prodigy

A prodigy is someone who is so naturally talented at something that they become a master of that particular skill as a child––you can be a musical prodigy or a math prodigy. Mozart was one, writing symphonies and playing for kings when he was only five years old.

Prodigy is one of those wonderful words whose different meanings tell a story about how the meanings of words bloom over time. The word derives from the Latin prodigium, meaning an omen or a sign of something to come. Prodigies are kids who often seem so talented that their success must presage even greater mastery, though, of course, the irony is that most prodigies peak in their youth.

PRIMARY MEANINGS OF: prodigy

1
n
an unusually gifted or intelligent (young) person; someone whose talents excite wonder and admiration
2
n
a sign of something about to happen
FULL DEFINITIONS OF: prodigy
1

n an unusually gifted or intelligent (young) person; someone whose talents excite wonder and admiration

“she is a chess prodigy
Types:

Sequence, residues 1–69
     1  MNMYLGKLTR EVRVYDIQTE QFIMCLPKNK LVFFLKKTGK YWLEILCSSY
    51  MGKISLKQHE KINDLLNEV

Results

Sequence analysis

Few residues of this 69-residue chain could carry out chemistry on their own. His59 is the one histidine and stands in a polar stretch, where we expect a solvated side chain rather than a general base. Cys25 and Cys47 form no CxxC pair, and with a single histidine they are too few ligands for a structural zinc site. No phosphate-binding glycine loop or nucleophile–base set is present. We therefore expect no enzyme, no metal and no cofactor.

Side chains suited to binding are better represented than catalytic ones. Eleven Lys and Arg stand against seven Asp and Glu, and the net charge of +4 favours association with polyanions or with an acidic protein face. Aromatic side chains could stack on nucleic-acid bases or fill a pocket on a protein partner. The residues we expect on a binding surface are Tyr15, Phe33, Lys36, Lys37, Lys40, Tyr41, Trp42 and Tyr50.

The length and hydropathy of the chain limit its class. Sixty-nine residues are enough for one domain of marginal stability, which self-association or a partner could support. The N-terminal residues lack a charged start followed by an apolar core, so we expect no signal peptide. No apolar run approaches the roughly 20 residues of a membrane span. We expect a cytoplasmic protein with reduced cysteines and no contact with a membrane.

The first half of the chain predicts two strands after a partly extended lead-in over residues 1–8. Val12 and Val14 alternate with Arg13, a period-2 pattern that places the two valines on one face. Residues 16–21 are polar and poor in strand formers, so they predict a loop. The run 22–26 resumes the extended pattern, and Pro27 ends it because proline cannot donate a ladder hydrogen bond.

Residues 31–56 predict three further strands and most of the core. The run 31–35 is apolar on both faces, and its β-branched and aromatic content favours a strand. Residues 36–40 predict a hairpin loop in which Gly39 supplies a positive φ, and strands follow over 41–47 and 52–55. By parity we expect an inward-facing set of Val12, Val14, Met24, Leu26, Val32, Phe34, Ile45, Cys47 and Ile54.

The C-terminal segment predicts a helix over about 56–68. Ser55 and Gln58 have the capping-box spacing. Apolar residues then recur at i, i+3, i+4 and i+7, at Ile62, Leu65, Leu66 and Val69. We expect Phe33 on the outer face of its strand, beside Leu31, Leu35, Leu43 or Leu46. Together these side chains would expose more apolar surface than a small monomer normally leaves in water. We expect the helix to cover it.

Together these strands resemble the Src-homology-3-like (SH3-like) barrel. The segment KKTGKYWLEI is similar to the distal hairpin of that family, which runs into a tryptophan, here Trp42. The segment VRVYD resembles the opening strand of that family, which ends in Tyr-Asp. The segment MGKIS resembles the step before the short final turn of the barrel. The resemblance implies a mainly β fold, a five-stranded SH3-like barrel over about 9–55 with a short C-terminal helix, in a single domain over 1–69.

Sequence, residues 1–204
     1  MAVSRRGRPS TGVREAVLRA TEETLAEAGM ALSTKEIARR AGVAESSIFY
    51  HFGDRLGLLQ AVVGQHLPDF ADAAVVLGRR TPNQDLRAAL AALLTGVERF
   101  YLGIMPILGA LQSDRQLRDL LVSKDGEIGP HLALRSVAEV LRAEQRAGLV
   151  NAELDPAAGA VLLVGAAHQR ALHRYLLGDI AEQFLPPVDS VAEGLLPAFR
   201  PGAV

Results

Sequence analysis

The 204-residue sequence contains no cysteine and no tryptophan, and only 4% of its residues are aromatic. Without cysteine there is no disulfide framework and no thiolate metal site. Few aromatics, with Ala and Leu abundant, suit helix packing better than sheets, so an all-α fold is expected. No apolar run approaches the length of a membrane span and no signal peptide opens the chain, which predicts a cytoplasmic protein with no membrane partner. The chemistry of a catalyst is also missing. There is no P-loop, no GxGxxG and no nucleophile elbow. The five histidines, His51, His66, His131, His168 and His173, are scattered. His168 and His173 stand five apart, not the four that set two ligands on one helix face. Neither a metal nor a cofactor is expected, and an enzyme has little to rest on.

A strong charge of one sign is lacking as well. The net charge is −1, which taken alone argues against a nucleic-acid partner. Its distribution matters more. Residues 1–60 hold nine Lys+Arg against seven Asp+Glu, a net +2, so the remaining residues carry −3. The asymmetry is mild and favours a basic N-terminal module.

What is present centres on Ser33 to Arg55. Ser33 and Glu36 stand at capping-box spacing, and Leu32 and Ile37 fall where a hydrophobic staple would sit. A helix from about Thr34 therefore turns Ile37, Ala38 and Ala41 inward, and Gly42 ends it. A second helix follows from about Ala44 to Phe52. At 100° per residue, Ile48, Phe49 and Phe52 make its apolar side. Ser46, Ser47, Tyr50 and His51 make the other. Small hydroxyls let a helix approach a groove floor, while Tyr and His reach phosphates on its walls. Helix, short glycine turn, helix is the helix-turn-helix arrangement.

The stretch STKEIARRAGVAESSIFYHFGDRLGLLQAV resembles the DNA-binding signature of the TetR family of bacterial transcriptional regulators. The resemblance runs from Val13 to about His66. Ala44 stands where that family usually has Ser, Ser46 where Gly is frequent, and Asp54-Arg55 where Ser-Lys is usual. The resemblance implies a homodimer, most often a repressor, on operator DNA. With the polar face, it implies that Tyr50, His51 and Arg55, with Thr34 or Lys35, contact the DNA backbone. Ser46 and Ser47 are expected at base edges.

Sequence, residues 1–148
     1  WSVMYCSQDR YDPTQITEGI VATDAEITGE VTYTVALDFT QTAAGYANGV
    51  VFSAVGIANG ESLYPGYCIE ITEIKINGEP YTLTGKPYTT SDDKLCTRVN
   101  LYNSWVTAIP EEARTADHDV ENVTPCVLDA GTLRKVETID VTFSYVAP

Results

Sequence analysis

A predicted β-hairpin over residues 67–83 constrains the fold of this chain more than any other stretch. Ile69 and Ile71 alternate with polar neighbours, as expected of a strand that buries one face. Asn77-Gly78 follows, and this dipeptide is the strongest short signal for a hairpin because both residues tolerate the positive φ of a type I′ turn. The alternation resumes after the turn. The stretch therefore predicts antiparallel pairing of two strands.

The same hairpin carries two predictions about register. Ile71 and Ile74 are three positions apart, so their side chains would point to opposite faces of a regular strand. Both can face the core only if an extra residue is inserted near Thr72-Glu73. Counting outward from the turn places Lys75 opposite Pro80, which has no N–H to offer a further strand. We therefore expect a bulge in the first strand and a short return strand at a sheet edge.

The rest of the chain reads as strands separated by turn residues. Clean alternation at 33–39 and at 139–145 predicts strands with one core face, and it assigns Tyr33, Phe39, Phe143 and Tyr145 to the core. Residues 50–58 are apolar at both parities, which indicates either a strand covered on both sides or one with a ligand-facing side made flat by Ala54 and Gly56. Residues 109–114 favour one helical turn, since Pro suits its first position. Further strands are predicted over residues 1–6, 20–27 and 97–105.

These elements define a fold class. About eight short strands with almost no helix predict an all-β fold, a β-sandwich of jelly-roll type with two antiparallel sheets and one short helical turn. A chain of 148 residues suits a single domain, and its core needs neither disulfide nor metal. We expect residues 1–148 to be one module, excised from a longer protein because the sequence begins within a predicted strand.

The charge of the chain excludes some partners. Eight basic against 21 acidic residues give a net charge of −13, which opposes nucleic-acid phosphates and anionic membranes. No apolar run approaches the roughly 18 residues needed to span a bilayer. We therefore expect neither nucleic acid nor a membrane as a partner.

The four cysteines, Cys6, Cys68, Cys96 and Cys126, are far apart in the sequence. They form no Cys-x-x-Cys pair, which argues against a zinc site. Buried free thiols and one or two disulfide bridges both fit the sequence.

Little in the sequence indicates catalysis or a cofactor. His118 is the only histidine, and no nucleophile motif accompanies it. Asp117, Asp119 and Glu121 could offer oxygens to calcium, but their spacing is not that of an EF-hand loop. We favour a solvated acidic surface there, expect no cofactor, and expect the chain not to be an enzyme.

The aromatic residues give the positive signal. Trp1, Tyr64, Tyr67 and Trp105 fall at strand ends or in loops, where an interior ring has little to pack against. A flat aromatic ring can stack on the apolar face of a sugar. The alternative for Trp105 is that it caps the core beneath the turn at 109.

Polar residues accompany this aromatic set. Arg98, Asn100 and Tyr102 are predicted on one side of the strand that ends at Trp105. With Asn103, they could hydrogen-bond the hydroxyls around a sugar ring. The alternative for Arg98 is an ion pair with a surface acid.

boy wonder
an extremely talented young male person
child prodigy, infant prodigy, wonder child
a prodigy whose talents are recognized at an early age
girl wonder
an extremely talented young female person
Type of:
Einstein, brain, brainiac, genius, mastermind
someone who has exceptional intellectual ability and originality

n an impressive or wonderful example of a particular quality

“the Marines are expected to perform prodigies of valor”
Type of:
example, exemplar, good example, model
something to be imitated
2

n a sign of something about to happen

Synonyms:
omen, portent, presage, prognostic, prognostication
Types:
auspice
a favorable omen
foreboding
an unfavorable omen
death knell
an omen of death or destruction
Type of:
augury, foretoken, preindication, sign
an event that is experienced as indicating important things to come
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